Pollination By Bees


Plants compete with one another: They all want to be pollinated, as only then can they reproduce. The bee’s senses are adapted to signals that are emitted by flowers. On the one hand by their colour and on the other by their scent. Bees can see colours. They prefer to fly to-wards the colours yellow and blue. They cannot see red. For example, they only see the poppy as a dark spot. However, bees can see ultraviolet light, and the flowering plants “know” this. They have pigments that reflect ultraviolet light. This means the bees know where the nectar sources are and therefore the optimum places to land. It is fascinating that bees can only see colours at a maximum flight speed of 5 km/h. At higher speeds they see their environment in black and white.

Bees smell with their antennae. Thanks to the mobility of the antennae, they can also smell spatially, enabling them to tell which direction the smell is coming from, so they can head straight for the flowering plant, pollenate it and collect the nectar.

The bees suck up the nectar, the basis for honey, using their proboscis and store it in their honey stomach. Pollen, which contains a lot of protein and is primarily used to rear the brood, is picked up by the bees almost as they fly past. It sticks to the hairs on the bees, and when they visit the next plant of the same species it is transferred in adequate quantities to their stigma.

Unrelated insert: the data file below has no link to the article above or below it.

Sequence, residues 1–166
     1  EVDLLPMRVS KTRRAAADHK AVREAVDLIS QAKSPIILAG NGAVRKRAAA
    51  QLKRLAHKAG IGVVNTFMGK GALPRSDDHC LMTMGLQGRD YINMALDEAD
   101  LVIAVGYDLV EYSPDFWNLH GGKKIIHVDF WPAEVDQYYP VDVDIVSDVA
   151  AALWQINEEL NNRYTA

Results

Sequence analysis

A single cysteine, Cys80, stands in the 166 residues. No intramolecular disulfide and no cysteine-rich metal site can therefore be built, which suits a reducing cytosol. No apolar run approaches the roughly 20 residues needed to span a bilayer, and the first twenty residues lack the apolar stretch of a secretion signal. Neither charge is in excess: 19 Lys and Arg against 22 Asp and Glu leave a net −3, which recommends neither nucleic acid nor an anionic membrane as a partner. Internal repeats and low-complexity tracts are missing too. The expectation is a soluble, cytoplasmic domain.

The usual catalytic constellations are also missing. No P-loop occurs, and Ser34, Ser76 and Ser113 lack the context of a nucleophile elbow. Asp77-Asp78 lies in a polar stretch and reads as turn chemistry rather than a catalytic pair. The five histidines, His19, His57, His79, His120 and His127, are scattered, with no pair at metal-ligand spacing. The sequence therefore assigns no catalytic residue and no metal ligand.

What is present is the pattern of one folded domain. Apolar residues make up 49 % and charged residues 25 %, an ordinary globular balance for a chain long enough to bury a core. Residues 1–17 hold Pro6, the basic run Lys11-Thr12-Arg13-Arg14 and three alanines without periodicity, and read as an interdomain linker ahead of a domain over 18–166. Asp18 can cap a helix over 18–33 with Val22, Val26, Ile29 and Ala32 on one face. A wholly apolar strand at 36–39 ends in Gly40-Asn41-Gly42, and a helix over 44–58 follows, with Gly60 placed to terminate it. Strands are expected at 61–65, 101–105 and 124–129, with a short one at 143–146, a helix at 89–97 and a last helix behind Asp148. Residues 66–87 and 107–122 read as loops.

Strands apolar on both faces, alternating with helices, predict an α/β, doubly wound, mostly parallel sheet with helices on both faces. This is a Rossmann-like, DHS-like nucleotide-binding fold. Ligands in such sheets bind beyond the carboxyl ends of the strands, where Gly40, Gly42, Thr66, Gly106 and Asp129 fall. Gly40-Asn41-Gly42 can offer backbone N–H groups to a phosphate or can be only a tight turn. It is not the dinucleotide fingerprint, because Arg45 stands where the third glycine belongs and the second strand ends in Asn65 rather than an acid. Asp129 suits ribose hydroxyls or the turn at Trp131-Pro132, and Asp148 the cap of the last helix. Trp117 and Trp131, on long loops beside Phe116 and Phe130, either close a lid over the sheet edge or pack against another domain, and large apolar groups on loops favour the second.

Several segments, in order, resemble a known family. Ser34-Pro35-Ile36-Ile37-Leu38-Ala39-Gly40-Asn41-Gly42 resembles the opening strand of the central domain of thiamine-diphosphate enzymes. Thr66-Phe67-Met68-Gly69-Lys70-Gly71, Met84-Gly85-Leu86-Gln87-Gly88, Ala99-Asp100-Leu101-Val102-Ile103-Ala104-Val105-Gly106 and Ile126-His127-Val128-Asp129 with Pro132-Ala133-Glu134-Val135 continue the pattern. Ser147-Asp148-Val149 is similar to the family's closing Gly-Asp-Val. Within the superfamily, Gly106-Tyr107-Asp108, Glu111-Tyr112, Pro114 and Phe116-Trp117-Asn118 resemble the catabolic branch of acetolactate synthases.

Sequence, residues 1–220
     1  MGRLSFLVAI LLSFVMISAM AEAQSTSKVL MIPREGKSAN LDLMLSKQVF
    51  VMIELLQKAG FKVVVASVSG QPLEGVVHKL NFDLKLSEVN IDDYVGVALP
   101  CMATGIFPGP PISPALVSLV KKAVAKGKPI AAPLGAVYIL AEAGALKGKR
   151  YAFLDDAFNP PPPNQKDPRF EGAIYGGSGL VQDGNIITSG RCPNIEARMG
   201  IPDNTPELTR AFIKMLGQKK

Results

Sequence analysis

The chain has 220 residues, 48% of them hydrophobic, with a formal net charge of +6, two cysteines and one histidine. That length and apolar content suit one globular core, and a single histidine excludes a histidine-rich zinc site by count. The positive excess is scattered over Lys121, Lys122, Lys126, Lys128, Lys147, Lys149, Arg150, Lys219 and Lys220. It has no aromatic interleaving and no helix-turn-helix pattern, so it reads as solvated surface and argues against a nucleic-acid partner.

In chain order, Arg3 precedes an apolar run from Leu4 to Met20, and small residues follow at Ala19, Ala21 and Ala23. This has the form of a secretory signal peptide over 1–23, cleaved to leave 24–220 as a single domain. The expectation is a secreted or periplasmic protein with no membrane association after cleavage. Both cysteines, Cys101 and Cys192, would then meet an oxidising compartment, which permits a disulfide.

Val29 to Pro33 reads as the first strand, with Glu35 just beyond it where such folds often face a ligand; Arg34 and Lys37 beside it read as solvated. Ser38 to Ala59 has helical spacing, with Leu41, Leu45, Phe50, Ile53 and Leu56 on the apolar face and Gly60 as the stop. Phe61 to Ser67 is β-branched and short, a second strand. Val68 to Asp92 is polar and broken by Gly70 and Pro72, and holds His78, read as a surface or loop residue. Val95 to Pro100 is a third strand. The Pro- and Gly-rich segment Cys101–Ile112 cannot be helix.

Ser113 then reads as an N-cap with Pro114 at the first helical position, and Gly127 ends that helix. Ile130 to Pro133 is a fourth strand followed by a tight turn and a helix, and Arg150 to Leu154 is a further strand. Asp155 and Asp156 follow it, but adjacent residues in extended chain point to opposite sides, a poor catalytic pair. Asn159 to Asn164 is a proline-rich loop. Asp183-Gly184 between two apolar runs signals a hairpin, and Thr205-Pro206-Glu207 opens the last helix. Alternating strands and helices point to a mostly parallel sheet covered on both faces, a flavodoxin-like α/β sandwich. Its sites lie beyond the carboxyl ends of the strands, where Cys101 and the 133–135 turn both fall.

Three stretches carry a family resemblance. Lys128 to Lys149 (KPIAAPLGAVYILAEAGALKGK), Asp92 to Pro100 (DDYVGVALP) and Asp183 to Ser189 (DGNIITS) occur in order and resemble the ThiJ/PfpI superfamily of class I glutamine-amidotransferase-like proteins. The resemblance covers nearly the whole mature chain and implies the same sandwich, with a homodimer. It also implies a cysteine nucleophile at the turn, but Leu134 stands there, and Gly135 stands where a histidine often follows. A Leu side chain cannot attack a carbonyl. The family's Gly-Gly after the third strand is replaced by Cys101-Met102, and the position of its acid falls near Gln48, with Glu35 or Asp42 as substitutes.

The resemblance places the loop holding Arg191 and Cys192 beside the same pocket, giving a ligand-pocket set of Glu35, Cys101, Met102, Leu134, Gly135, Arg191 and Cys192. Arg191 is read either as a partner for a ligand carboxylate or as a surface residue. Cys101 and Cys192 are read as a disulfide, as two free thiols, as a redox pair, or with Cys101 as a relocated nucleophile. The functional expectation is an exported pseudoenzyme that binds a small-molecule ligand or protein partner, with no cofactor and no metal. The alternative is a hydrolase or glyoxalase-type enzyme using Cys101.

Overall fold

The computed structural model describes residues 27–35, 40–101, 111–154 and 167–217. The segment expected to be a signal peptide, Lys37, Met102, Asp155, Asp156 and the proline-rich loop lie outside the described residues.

This is how the male pollen grain unites with the female egg cell to mature into seeds in the flower. This is the basic process of pollination, and the continuation of the plant’s existence is guaranteed. Meanwhile, the majority of the pollen grains stay on the back legs of the bees like “pants” and are taken to the hive as valuable food.

A bee visits around 100 flowers per foraging flight, with a maximum speed of up to 30 kilometres per hour. With ten foraging flights per day, this equates to 1,000 flowers. With a maximum of 40 flights per day, however, considerably more is possible. If 20,000 bees swarm out of a hive several times a day, 20 million flowers or more are pollinated each day.

When the bee finds a rich source of food, it shares this information with its fellow bees. Various dances (round and waggle dance) are the first step in successful recruitment.

Bees are loyal to flowers. They remain faithful to a productive plant species until it stops flowering. Bees are also loyal to locations. They recruit other bees in their community to fly to the chosen food sources using their dances and other assistance in the field. This continuity has enormous advantages, as it ensures that pollen is deposited within the same plant species and that the sequence of flowering in a region is utilised to optimum effect. This also simplifies or guides the work of the beekeeper. He or she can change the location of the hives depending on the flowers available so that the bees always find the best conditions and create honey from as few flower sources as possible.

Credit for this information – Bee-careful, Initiative from the Hero Group, Switzerland

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